• George Hamner August 3, 2020, 8:44 am

      FO, leftist pig.

    • shrugger August 3, 2020, 8:49 am

      For better or worse the Southern States officially ‘seceded’ from the Union. At which point they were not Traitors, but a foreign enemy of the United States.

      TDS and Leftism: help find a cure

      • MagnumOpUS August 3, 2020, 9:44 am

        The only cure for TDS and Leftism is suicide.

    • Zupglick August 3, 2020, 8:49 am

      Get a grip! History is what it is, not what we wish it to be.

      • CHRIS August 3, 2020, 2:01 pm

        can’t I just read a story, with out a moronic agenda interjected….if you don’t like the story… go rewrite it…but please include the reason for your brain damage….just saying…

    • LLeng August 3, 2020, 9:01 am

      You sir are one of the mentally miniscule that would see history erased.

    • SD August 3, 2020, 9:02 am

      Hey Arry
      Sounds like elementary school was about as far as you went

      • MagnumOpUS August 3, 2020, 9:47 am

        Actually, it’s more likely that he has a PhD from some libtard institution of higher brainwashing.

    • Bones August 3, 2020, 9:10 am

      Clay seemed to be a real hillbilly P.O.S….id be his and his ilk’s huckleberry anyday, anytime.. bring it !

      • Tomaz August 3, 2020, 10:41 am

        Ha Ha . . . Bones you sound like you are cut from the same bolt of psychotic cloth Allison came from. Yall would have gotten along just fine!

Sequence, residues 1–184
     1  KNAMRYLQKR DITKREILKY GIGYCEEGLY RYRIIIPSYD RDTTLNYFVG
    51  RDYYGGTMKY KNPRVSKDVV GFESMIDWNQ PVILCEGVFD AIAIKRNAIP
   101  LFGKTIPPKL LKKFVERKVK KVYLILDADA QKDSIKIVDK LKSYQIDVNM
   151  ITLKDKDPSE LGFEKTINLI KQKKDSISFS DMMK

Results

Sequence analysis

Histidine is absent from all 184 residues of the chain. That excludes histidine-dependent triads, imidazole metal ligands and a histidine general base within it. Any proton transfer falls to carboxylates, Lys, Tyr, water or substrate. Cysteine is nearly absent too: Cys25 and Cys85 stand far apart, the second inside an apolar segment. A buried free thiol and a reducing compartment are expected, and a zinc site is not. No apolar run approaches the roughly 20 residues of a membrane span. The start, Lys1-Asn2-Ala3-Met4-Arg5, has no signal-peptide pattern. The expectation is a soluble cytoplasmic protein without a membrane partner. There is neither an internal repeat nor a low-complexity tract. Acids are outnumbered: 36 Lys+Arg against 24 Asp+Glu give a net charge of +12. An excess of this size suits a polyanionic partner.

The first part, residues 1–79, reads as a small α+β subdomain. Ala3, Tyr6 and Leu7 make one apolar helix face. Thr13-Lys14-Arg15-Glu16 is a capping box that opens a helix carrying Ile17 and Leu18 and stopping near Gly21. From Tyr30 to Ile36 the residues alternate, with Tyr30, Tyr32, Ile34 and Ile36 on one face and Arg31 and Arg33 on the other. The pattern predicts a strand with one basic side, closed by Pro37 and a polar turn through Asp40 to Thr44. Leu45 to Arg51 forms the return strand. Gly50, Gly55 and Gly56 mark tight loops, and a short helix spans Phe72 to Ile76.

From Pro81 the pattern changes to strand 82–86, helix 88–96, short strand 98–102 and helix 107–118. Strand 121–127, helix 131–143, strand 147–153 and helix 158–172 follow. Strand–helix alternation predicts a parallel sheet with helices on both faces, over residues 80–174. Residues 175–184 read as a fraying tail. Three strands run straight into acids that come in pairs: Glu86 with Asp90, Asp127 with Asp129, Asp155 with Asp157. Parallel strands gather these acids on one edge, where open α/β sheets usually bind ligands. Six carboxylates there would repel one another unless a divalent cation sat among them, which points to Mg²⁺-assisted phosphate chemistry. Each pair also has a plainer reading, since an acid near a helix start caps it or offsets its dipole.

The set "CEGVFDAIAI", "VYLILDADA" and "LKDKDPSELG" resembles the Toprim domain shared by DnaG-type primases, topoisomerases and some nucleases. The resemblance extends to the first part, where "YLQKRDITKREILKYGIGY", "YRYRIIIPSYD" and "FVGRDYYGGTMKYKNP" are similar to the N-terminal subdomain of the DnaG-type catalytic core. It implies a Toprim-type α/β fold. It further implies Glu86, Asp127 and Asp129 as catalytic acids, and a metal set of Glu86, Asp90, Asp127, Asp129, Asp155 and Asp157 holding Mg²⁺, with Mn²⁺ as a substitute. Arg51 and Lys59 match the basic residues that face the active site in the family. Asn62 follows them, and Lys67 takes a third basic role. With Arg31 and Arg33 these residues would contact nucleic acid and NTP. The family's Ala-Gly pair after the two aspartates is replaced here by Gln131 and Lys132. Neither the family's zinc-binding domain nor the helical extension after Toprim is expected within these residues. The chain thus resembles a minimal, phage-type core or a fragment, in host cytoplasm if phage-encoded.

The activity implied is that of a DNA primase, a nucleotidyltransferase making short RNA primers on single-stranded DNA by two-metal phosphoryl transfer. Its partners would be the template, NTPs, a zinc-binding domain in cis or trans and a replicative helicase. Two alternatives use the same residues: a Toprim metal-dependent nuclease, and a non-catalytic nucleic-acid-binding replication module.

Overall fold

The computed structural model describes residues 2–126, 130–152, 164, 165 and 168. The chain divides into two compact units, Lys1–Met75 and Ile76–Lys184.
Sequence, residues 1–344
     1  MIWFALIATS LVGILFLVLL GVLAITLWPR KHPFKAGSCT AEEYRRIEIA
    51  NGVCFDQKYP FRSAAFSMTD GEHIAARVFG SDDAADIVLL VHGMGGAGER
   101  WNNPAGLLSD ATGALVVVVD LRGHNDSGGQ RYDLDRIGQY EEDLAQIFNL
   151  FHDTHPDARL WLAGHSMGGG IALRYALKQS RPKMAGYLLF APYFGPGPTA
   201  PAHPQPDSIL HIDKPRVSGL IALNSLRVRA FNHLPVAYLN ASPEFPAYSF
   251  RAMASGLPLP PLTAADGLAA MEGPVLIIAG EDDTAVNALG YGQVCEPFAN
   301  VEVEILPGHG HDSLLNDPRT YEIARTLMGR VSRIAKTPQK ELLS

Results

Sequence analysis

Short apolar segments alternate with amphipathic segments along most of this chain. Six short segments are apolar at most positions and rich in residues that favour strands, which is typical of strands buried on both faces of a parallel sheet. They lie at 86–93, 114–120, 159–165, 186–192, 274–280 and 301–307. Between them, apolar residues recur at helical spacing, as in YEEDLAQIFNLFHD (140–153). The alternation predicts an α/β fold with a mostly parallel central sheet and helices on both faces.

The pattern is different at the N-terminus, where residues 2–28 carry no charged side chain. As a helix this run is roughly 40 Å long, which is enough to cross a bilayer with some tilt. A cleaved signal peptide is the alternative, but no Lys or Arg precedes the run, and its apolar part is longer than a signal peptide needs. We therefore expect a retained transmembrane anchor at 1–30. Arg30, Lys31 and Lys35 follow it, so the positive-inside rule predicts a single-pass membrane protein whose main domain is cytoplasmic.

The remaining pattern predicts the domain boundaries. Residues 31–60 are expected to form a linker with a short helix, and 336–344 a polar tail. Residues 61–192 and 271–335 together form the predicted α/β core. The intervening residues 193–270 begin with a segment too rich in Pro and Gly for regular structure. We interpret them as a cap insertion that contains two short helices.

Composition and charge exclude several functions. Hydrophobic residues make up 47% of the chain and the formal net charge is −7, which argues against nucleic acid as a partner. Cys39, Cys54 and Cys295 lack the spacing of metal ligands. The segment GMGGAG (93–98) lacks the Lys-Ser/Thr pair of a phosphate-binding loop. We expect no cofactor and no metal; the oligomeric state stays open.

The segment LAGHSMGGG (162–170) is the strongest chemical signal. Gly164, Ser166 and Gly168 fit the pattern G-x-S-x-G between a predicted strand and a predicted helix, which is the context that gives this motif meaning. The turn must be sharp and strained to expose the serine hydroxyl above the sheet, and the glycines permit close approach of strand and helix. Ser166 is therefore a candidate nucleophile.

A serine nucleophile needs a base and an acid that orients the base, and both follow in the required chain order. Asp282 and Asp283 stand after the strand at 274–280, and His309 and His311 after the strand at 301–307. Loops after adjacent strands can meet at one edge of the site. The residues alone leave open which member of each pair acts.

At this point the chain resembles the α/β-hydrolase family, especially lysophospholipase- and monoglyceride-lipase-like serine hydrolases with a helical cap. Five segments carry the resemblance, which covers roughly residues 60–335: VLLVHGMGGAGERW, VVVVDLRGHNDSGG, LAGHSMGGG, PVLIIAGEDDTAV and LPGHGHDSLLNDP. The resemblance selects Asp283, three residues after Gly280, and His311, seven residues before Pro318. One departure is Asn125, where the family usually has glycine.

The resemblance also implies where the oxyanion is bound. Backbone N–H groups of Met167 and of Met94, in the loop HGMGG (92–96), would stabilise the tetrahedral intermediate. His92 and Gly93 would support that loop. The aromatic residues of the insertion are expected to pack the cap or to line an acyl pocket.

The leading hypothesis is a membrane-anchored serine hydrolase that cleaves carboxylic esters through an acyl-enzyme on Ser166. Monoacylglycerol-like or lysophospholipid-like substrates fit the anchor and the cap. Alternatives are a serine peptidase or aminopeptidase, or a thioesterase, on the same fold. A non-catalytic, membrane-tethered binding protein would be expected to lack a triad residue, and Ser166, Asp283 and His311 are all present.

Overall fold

• Stephen Ryder August 3, 2020, 9:53 am

      Long before I became a history professor I studied the life and exploits of the rabid animal named Robert C. Allison, an infamous, insane murderer. The remarkably sterile and non-judgemental treatment of one of the nineteenth century’s most despicable human beings is shocking in it’s neutrality, however accurate the facts therein may be. In 1956 I was a book-wormish boy studying the plethora of murderers formerly in the service of the confederacy who infected the western territories with their lust for killing from 1865 on. These men, referred to by the dime novels of the days as “gunfighters.” They were, more accurately, insatiable killers, malcontents, misfits and terrorists. Dr. Dabbs somehow failed to mention That Mr. Allison was not only a member but a leader of the Ku Klux Klan, devoted supplicant of Nathan Bedford Forrest, a night rider, cop killer, terrorist, drunkard, avowed racist who found American law repugnant. He hated and killed Mexicans, Indians, blacks (of course,) Chinamen and yankees, He voiced similar antipathy for Jews lawmen, American soldiers and Catholics. After all, a confederate deprived of slaves must find others to dominate. Referring to this sadistic murderer as a “gunfighter” is akin to calling Reinhard Heydrich by his title “Stellvertretender Reichsprotektor of Bohemia and Moravia.” instead of “Author of the Holocaust.” Dr. Dabbs fired a tight group with his journalistic shots – but missed the target entirely.